The following opinion piece was written and submitted by Dwayne Meadows, Executive Director of Wyoming Wildlife Federation.
In June, Governor Gordon joined the Greater Little Mountain Coalition on a tour of the scenic Greater Little Mountain Area (GLMA). South of Rock Springs, GLMA is one of Wyoming’s crown jewels. On an ordinary day, a stroll through this one-of-a-kind landscape could take you through rugged badlands, ancient aspen groves, or lush pine forests. Known for its unrivaled mule deer and elk hunting, and Colorado River cutthroat trout, you’ll likely see a host of anglers, wildlife watchers and hunters in the fall. This area gives its all to Wyoming and its visitors. As I write this the Bureau of Land Management (BLM) is preparing a management plan for 3.6 million acres in southwest Wyoming, which includes the 522,000 acres of the Greater Little Mountain Area.
For more than a decade, local stakeholders have worked together to propose a management plan with the goal of conserving and maintaining the thriving wildlife and outdoor recreation opportunities this beloved area affords. The Greater Little Mountain Coalition worked to build consensus, ensured the plan faced no opposition within the group and received outpouring support from community members and locally elected officials.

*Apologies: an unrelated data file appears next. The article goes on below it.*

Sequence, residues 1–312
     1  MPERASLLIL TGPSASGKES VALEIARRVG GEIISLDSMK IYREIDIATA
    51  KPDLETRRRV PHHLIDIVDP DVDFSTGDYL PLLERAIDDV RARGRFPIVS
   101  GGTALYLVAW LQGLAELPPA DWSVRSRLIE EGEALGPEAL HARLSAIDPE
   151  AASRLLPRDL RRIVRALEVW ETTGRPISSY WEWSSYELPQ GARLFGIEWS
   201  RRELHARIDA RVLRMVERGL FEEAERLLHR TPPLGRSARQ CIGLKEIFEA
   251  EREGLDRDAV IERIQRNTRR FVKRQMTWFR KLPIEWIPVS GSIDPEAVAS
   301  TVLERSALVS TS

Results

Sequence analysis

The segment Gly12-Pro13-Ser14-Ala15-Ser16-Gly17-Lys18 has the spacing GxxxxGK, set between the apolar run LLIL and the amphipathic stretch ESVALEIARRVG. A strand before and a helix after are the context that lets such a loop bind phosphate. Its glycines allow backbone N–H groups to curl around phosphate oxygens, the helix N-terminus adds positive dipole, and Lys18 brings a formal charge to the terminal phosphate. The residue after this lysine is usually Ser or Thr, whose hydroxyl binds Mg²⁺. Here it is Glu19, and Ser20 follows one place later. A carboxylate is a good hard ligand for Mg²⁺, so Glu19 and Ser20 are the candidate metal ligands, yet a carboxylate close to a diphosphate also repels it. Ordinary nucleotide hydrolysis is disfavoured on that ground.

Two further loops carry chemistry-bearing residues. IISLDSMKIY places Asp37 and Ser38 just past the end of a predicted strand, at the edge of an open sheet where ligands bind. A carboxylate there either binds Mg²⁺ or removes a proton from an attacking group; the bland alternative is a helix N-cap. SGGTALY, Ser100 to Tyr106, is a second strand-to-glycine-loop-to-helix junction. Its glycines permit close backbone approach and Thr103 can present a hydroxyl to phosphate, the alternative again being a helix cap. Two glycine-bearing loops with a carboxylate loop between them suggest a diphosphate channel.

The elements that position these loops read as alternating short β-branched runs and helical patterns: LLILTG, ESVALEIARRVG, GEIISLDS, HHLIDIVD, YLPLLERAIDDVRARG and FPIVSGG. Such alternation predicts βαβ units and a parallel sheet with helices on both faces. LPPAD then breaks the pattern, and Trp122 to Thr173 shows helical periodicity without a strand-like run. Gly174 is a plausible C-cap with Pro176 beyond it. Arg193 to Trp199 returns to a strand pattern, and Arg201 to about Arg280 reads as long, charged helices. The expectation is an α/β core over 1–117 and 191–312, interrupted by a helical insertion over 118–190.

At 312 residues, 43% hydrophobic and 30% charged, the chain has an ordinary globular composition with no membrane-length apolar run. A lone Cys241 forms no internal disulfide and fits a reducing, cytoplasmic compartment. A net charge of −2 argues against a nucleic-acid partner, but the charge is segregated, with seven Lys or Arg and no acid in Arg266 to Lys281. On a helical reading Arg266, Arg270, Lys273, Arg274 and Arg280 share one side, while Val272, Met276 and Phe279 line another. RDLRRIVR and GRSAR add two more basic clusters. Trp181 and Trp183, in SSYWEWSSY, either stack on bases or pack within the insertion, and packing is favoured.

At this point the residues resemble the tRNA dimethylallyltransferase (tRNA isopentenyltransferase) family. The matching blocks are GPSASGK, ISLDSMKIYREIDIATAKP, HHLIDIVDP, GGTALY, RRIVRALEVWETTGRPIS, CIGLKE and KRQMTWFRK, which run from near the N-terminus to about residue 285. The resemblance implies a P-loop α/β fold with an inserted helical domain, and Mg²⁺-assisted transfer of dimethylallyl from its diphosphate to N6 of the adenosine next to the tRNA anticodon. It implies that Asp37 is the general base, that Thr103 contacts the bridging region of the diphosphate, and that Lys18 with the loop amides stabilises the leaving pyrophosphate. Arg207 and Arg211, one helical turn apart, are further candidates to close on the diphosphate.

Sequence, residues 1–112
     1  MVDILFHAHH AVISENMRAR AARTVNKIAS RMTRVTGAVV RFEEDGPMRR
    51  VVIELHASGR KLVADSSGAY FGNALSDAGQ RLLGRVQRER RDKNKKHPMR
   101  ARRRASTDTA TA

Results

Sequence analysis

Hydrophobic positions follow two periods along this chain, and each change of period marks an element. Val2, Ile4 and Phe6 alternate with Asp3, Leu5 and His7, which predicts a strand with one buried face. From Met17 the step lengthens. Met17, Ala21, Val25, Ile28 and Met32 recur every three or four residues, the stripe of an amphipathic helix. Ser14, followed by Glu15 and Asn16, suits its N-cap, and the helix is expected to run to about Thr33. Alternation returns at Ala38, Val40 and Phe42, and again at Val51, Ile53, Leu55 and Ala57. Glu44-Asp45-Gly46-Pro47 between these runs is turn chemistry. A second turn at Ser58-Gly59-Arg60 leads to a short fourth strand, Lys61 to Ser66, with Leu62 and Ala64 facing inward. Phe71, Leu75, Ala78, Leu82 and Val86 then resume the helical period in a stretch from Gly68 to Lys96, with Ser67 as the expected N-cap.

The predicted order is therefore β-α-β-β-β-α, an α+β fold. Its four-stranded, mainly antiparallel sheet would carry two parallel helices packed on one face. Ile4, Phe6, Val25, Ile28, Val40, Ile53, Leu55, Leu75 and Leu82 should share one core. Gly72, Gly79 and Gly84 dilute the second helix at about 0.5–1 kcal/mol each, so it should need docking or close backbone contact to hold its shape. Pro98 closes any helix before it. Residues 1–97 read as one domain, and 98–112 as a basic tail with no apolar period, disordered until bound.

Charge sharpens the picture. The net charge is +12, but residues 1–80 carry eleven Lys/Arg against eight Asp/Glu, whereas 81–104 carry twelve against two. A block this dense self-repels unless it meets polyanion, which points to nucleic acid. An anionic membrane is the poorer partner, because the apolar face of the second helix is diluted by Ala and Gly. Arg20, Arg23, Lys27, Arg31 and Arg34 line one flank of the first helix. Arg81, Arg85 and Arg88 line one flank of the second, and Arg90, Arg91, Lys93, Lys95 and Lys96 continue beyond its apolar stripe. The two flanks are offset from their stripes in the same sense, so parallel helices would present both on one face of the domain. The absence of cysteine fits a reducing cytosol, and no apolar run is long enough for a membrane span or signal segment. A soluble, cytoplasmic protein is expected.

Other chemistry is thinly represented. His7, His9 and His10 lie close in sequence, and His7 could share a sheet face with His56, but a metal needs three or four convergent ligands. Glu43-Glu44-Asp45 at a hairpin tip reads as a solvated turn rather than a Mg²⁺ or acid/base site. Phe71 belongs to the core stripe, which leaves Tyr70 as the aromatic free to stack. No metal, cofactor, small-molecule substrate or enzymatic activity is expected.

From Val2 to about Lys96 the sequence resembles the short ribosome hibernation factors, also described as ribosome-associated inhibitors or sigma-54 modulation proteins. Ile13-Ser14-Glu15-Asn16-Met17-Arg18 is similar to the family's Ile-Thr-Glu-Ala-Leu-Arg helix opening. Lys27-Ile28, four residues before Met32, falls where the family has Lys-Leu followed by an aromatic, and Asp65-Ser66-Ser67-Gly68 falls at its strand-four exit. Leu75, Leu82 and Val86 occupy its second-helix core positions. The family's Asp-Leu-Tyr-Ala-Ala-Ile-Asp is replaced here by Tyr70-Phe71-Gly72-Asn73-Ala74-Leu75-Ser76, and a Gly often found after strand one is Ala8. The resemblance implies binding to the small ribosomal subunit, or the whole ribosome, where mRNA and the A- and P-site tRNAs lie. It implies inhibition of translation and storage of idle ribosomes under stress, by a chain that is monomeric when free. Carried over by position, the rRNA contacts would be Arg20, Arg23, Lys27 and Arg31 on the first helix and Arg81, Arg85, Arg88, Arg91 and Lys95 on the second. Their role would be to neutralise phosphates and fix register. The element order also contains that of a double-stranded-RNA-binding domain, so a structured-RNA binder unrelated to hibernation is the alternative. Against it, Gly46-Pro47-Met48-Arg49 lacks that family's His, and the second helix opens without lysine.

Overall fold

The Bureau of Land Management’s draft Resource Management Plan is likely to be released in the coming weeks and will set the rules for how this area–including the wildlife, fish, and recreation opportunities that depend on it–will be managed for at least the next twenty years.
As a passionate outdoorsman and Wyomingite, I want to see the Greater Little Mountain’s future and the quality of life it brings to me, my family, and its visitors to remain intact for generations. The Greater Little Mountain Coalition, along with local and county government support, proposed a balanced management plan that focuses on a balance of both conservation for wildlife, hunting, and angling as well as year-round drilling opportunities in suitable areas.
Governor Gordon has taken the time to speak directly with a wide range of stakeholders on the topic. I thank him for his efforts to listen to local voices and I urge our Congressional representation to do the same. Our statewide elected officials can speak out in support of conserving the GLMA. We do not want a management plan that focuses on one use and one use only, but a multiple set of uses. After years of consensus building and local collaboration we ask Secretary Bernhardt to commit to Western communities by upholding this effort and bringing strength to the local voices.
Our communities have made it clear that conservation is a top priority for the GLMA. It is time for everyone to help by taking action. Leave your comments on the Rock Springs Resource Management Plan when it arrives. Make this priority heard.
We must conserve the Greater Little Mountain Area for ourselves and for future generations to come and your involvement is necessary to make that happen.
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